Known as “soft hail” or “snow pellets”, graupel is different from pure snow. Under some atmospheric conditions, snow crystals can encounter supercooled water droplets. These tiny droplets can exist in the liquid state at temperatures as low as −40 °F, far below the normal freezing point. Contact between a snow crystal and the supercooled droplets results in freezing of the liquid droplets onto the surface of the crystal. This process of crystal growth is known as accretion and when this process continues so that the shape of the original snow crystal is no longer identifiable, the resulting crystal is referred to as graupel. The accretion isn’t much; there’s generally a 2-5mm ball of rime prior to it falling to the ground.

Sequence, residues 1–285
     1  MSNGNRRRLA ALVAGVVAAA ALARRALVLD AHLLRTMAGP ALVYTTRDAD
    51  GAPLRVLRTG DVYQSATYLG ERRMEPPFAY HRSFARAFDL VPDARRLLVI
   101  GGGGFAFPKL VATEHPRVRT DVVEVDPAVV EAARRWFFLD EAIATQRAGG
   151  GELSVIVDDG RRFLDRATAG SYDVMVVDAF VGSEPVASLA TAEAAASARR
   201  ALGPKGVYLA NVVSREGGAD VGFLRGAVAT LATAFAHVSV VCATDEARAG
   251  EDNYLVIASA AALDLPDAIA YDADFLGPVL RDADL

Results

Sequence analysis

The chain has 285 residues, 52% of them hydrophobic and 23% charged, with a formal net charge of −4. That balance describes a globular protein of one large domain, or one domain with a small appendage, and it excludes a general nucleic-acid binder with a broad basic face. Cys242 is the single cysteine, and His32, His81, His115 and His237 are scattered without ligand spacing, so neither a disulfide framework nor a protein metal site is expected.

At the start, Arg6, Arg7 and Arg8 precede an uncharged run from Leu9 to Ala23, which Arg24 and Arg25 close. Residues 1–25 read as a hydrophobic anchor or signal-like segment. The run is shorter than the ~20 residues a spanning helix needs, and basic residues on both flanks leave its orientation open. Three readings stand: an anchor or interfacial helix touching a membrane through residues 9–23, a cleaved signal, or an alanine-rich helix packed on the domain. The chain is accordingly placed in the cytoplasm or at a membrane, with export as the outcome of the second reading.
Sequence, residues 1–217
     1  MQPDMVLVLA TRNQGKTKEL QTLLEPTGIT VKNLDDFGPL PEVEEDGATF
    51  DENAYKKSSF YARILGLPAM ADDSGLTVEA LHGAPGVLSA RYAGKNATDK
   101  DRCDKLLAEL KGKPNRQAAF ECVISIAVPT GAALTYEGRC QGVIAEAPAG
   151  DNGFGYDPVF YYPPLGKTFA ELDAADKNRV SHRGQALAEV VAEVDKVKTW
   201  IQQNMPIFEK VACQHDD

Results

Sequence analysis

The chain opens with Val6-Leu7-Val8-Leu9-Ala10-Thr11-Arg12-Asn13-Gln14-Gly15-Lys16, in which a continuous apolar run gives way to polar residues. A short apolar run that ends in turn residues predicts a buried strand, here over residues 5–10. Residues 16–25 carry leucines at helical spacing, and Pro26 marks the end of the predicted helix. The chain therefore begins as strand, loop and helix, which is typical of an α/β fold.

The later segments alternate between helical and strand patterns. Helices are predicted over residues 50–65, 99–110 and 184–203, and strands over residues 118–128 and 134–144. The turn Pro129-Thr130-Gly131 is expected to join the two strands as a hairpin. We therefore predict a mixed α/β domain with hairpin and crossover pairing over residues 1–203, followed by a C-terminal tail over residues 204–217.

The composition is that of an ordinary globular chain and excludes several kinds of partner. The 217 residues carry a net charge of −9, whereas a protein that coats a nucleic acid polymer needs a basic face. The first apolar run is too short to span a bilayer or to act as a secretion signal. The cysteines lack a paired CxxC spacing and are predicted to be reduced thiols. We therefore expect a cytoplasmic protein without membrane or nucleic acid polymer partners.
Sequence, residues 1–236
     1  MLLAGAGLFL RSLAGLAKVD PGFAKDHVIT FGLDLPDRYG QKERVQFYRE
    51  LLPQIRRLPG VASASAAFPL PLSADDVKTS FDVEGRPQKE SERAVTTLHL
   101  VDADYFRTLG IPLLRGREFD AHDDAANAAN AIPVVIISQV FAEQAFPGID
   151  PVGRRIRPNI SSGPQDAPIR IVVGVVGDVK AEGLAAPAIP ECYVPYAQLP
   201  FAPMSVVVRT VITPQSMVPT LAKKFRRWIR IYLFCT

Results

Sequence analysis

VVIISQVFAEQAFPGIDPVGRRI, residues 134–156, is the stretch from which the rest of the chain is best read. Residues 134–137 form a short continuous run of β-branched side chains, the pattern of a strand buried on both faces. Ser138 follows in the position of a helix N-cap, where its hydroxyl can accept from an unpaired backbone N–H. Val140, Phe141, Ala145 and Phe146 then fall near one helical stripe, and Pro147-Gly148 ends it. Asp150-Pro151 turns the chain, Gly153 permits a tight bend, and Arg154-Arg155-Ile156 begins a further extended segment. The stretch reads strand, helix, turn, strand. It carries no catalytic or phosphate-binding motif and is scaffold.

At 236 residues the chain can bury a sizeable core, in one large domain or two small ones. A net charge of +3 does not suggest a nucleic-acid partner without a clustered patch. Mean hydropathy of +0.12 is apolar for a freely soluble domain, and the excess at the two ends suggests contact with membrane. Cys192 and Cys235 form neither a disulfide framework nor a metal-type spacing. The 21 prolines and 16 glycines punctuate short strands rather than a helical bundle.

To some, graupel looks like styrofoam or polystrene pellets; to others, it looks like Dippin’ Dots ice cream.
The word graupel has German origins. Grapuel is the diminutive of Graupe which means “pearl barley.”
The METAR code for graupel is “GS.”